Meet the rock stars of the international wine world at O’Briens Wine Festival
O’Briens Wine Festivals are famous for their expertise, incredible winemakers and sense of fun says Lynne Coyle, master of wine for O'Briens, ahead of their spring event
There aren’t many opportunities in life to meet your heroes, and if it does happen it is unlikely they will be pouring you a glass of your favourite wine. However, for wine lovers attending the O’Briens Wine Festival, having the opportunity to meet the makers of their favourite Chianti, Chardonnay or Champagne, while they pour you a glass, is one of the most unique and special parts of the event.
O’Briens Wine, Ireland’s largest family-owned drinks retailer, hold the popular bi-annual festivals to bring together a community of wine lovers; the winemakers, O’Briens staff and their customers to taste, learn, listen and share top quality wines from all over the world. The upcoming Spring Wine Festival will be held on May 10th in Limerick and May 11th and 12th in Dublin Castle.
Wine director for O’Briens and master of wine, Lynne Coyle, says the festival, much like the ethos embodied by the business, is rooted in the importance and connection of family. “We have 34 stores but this is a family business. It was established in the 1940s by the current managing director’s mother and the O’Brien family are working daily in the business.”
We’re looking for families who own their own vineyards, who are growing their own grapes, who are hand-picking their own grapes
As a family business, naturally and philosophically, they prefer to work with other family wineries from around the world, she says.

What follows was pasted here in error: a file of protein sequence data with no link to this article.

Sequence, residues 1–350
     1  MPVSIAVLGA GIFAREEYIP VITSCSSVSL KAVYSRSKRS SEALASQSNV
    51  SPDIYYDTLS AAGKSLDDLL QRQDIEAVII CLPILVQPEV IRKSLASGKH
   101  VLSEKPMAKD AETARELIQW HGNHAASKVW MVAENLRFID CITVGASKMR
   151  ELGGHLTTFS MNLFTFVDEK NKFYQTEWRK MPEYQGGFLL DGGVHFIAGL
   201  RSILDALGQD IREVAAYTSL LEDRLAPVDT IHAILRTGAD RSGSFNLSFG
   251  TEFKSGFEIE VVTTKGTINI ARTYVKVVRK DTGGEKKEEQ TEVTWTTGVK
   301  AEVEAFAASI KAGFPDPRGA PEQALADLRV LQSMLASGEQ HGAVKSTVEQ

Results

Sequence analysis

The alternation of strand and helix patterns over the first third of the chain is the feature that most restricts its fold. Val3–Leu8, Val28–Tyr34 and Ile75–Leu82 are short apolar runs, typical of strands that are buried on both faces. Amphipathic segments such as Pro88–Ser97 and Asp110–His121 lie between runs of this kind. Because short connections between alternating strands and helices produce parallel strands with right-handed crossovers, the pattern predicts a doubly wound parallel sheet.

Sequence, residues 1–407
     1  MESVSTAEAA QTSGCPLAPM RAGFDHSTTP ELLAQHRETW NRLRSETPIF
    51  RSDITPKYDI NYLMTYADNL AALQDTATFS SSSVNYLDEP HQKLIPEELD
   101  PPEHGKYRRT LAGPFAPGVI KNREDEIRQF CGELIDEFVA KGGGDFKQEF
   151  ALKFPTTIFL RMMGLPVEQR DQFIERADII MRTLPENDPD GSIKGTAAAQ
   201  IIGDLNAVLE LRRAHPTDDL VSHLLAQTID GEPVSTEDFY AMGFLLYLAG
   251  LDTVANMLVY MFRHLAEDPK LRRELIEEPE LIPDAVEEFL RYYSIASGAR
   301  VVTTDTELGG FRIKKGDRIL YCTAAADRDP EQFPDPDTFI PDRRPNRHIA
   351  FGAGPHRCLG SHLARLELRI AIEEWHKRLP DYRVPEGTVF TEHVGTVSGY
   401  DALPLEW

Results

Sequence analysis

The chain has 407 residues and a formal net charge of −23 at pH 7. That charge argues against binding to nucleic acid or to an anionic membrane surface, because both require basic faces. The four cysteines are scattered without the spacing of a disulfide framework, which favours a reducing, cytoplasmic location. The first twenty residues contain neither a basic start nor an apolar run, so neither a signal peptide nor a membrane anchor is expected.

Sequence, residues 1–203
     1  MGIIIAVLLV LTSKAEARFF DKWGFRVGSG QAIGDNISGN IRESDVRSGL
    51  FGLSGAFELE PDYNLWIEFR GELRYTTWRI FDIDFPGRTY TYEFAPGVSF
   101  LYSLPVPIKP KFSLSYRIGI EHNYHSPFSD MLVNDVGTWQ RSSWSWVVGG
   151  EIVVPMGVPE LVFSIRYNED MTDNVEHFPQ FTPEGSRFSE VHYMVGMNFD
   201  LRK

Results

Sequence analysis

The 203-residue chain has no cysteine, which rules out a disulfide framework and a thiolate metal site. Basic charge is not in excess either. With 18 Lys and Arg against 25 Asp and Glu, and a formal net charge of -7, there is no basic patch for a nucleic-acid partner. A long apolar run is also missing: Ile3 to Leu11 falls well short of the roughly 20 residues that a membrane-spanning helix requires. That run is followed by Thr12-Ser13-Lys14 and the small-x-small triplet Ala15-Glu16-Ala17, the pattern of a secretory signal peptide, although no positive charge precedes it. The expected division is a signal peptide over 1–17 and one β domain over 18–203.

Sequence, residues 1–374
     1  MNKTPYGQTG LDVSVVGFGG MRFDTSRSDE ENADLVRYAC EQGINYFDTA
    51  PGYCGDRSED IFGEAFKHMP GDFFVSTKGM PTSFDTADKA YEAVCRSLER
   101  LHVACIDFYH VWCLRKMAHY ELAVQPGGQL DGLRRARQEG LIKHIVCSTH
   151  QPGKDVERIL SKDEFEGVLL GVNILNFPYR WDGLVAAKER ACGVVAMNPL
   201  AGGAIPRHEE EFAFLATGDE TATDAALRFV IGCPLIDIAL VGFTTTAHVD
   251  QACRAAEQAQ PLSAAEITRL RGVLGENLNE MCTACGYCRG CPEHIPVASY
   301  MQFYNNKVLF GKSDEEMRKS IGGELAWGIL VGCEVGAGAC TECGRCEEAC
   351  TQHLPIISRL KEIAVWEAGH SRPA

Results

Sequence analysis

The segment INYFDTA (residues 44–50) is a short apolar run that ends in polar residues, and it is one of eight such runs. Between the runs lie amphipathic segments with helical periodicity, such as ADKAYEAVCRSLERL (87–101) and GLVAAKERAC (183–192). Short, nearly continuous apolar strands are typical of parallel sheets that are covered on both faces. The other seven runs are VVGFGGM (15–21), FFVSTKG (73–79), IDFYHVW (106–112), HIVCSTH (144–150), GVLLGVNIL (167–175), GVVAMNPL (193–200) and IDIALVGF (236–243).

“It’s a nice fit for us because we are not looking for industrial-sized wineries, we’re looking for families who own their own vineyards, who are growing their own grapes, who are hand-picking their own grapes, who are making their own wine where the mum or dad of the business is making the wines.
“The wine fair is almost like a culmination of that because it means that those winemakers get on the plane, come to Dublin and our customers can actually meet the people who are making the wines. That is what’s really important for us. That’s what makes it such a community of wine lovers at the festival,” said Coyle.
Rock stars of wine
Coyle said that for staff and customers alike, meeting the winemakers can be like meeting your favourite writer, actor or musician.
“They are rock stars to us because the winemaker is the person that turns the grape in the vineyard into this amazing glass of wine which is a reflection of the particular grape variety, a reflection of the soil, a reflection of that particular vintage. But it is also a reflection of what the winemaker has done in the winery and the decisions that he or she has taken in the winery.
The winemakers are very down to earth - they just love to hear first-hand what the customers are saying
“People forget that winemakers are farmers. There is nothing better than to hear directly from the winemaker what their circumstances have been, what they have tried to do, the philosophy of what they are trying to bring to their wine. The winemakers are very down to earth - they just love to hear first-hand what the customers are saying.”